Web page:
Despite Criticism, a Review of ABA Standards for Law Schools Is Moving Forward
Two and a half years into its review of the ABA standards for Approval of Law Schools, a committee of the Section of Legal Education and Admissions to the Bar is showing no inclination to go along with a plea that it put the process on hold and essentially start over.
The appeal came from the Association of American Law Schools, first in the form of a March 28 letter (PDF) from AALS President Michael A. Olivas to Hulett “Bucky” Askew, the ABA consultant on legal education.
The letter asks the section’s Standards Review Committee and governing council to “ensure that the larger vision that animates these proposals can be meaningfully debated. Such a process is essential to ensuring that we all understand the impact of the proposals. Currently we are focused piecemeal on individual proposals, not on the larger whole, which is far more than the sum of its parts.” The letter goes on to express detailed concerns about proposals being developed by the committee.
Olivas, director of the Institute of Higher Education Law & Governance at the University of Houston Law Center, made his case again at an April 2 open forum in Chicago sponsored by the Standards Review Committee, which is working on drafts of the recommendations it will send to the legal education section’s council. The section is designated by the U.S. Department of Education as the accrediting body for U.S. law schools.
Several of the committee’s proposed changes to the law school standards are controversial. One possible revision would address whether law schools are required to offer tenure or other forms of “security of position” to full-time professors, and another would make law school admissions testing optional. One proposal would call for more detailed reporting by law schools about hiring rates of graduates, an issue that Sen. Barbara Boxer, D-Calif., recently raised in a letter to ABA President Stephen N. Zack.
In his presentation, Olivas asked the Standards Review Committee to reject any proposed changes that would weaken legal education; to initiate a process allowing “important constituencies” to understand and debate its final proposals; and to undertake an independent, fact-based study of the actual cost drivers in legal education and their relationship to the accreditation process.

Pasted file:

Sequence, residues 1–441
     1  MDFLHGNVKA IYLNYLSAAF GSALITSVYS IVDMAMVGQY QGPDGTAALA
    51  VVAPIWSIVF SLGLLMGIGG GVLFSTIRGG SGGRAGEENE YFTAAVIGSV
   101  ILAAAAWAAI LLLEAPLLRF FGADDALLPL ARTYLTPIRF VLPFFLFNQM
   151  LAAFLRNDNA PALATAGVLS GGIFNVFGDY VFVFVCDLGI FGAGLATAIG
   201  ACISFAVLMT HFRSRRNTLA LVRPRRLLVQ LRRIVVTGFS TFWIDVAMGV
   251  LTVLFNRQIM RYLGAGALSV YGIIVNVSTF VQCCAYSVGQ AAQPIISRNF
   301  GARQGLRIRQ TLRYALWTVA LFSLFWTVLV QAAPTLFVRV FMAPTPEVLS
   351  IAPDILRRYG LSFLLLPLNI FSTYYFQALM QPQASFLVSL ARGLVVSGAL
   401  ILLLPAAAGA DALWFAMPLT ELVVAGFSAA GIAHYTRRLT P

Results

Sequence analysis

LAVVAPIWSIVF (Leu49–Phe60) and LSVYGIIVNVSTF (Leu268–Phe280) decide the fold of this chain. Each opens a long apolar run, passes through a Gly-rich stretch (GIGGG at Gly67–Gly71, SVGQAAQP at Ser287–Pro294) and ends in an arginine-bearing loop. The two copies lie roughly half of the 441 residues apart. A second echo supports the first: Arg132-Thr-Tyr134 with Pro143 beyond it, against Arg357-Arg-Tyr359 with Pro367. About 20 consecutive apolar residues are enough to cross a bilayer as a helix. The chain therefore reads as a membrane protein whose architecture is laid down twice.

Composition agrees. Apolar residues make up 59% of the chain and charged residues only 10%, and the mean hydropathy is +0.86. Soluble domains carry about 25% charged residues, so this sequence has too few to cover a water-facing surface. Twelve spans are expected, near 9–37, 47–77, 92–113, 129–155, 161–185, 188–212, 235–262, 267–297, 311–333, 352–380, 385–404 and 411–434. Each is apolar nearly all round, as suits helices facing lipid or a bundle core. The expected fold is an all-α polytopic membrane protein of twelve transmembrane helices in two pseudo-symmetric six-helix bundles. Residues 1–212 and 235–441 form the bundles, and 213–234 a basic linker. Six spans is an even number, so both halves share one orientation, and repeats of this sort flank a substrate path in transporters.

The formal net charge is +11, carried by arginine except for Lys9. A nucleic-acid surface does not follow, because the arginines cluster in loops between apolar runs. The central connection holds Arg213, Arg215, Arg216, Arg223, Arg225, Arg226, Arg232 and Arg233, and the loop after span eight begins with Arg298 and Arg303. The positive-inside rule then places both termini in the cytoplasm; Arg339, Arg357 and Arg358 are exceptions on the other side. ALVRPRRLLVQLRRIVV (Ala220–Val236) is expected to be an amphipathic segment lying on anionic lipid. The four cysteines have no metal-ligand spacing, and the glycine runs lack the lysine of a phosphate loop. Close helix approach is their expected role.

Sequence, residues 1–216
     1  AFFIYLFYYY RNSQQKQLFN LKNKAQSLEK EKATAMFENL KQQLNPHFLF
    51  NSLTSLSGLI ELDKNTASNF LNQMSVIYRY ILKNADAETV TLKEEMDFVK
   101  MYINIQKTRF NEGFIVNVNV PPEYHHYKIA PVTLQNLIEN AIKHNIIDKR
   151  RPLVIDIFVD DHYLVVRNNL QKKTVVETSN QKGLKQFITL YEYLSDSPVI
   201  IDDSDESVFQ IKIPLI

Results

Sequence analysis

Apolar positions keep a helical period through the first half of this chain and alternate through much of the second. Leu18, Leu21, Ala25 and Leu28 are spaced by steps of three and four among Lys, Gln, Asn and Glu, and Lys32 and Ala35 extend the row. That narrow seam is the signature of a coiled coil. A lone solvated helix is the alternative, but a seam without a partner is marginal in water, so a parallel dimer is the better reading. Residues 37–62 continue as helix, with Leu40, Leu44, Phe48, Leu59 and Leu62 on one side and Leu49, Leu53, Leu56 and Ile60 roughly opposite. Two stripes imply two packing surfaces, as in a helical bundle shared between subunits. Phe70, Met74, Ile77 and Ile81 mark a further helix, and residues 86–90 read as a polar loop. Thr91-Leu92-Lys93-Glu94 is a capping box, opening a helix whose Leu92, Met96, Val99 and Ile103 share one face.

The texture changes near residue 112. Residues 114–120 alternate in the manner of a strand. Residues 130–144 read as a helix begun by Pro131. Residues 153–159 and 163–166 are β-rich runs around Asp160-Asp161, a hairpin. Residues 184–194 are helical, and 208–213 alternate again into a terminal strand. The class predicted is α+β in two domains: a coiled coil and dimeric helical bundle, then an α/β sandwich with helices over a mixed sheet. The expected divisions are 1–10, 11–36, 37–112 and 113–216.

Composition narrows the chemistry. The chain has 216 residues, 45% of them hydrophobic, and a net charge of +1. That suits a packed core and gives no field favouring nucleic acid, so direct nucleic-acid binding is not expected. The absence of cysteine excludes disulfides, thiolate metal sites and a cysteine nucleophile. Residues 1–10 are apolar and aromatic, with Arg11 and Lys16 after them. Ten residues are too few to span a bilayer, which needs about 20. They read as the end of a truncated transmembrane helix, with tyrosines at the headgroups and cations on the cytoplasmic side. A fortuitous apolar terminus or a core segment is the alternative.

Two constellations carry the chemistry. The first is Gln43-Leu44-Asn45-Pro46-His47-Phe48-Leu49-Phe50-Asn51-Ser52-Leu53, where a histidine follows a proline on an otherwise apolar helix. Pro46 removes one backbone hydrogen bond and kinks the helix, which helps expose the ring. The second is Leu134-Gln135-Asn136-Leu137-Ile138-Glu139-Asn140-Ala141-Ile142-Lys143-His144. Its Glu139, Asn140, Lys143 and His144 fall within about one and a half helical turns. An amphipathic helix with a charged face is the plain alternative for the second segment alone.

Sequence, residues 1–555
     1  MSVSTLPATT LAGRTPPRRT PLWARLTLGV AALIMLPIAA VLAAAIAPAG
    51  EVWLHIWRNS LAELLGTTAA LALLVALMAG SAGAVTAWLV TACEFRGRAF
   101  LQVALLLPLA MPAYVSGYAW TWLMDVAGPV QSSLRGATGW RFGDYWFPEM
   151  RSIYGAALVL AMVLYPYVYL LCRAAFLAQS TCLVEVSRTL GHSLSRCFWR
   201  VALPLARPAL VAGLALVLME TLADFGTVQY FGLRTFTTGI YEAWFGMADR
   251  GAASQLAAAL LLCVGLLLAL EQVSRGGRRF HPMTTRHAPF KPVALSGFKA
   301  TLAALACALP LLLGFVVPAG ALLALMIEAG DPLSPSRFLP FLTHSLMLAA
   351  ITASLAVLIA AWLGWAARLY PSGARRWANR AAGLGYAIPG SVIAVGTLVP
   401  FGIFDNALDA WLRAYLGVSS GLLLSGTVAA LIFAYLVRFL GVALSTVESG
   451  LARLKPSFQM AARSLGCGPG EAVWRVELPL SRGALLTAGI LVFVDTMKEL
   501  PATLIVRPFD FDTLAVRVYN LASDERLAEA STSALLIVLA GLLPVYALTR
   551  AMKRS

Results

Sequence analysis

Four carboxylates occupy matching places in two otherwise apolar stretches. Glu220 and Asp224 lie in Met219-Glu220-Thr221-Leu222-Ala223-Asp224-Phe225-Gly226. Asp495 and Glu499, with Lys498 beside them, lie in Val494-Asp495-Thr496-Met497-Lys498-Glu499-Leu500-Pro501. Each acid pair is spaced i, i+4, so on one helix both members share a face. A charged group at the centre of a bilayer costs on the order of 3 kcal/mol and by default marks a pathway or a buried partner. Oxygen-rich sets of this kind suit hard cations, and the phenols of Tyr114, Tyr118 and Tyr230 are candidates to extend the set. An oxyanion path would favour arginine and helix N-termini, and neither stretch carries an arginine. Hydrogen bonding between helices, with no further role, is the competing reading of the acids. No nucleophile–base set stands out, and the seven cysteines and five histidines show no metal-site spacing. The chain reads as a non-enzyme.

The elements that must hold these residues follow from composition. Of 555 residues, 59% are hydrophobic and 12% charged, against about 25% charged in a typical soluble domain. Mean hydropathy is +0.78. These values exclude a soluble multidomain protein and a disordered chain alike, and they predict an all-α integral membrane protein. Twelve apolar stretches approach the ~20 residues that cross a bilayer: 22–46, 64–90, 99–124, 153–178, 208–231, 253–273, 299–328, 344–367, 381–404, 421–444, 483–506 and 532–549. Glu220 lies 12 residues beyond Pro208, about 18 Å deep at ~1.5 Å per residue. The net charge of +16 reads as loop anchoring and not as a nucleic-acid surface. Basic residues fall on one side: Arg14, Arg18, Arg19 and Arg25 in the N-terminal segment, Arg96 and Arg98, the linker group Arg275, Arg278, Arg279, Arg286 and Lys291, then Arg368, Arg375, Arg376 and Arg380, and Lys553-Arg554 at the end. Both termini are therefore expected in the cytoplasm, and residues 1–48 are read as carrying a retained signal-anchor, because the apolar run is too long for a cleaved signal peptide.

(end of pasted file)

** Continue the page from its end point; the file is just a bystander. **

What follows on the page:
“Those who seek to alter the fundamental assumptions underlying accreditation and its role in the system of legal education should bear the burden of justifying that need to the legal education community and all those who rely on the high quality of American legal education,” he said.
Olivas’ comments were echoed by other speakers at the forum, and the tenure provisions were a particular target for their comments.
DIFFERENCE OF OPINION
Committee members didn’t respond directly to the AALS. But during the hearing, committee member David N. Yellen, dean of Loyola University Chicago School of Law, took Olivas to task for mischaracterizing the committee’s actions. Yellen cited Olivas’ claim that the committee has given little thought to the larger vision animating its proposals and his contention that it has not engaged in a meaningful dialogue with other interested parties.
“Disagreement is great,” Yellen said, “but I urge you to adopt a different spirit than what is sometimes reflected in this letter.”
Olivas didn’t back down. “We’ll just have to agree to disagree,” he said.
Committee chair Donald J. Polden said later that he was surprised by Olivas’ letter because the committee has heard very little from the AALS until now, and that he was disappointed by what he termed its combative tone and inaccuracies. Polden said the committee hopes to submit its final recommendations to the legal education section’s council by the end of this year.
“I’m just one vote,” said Polden, who is dean of Santa Clara University School of Law, “but as far as I’m concerned, they haven’t made the case.”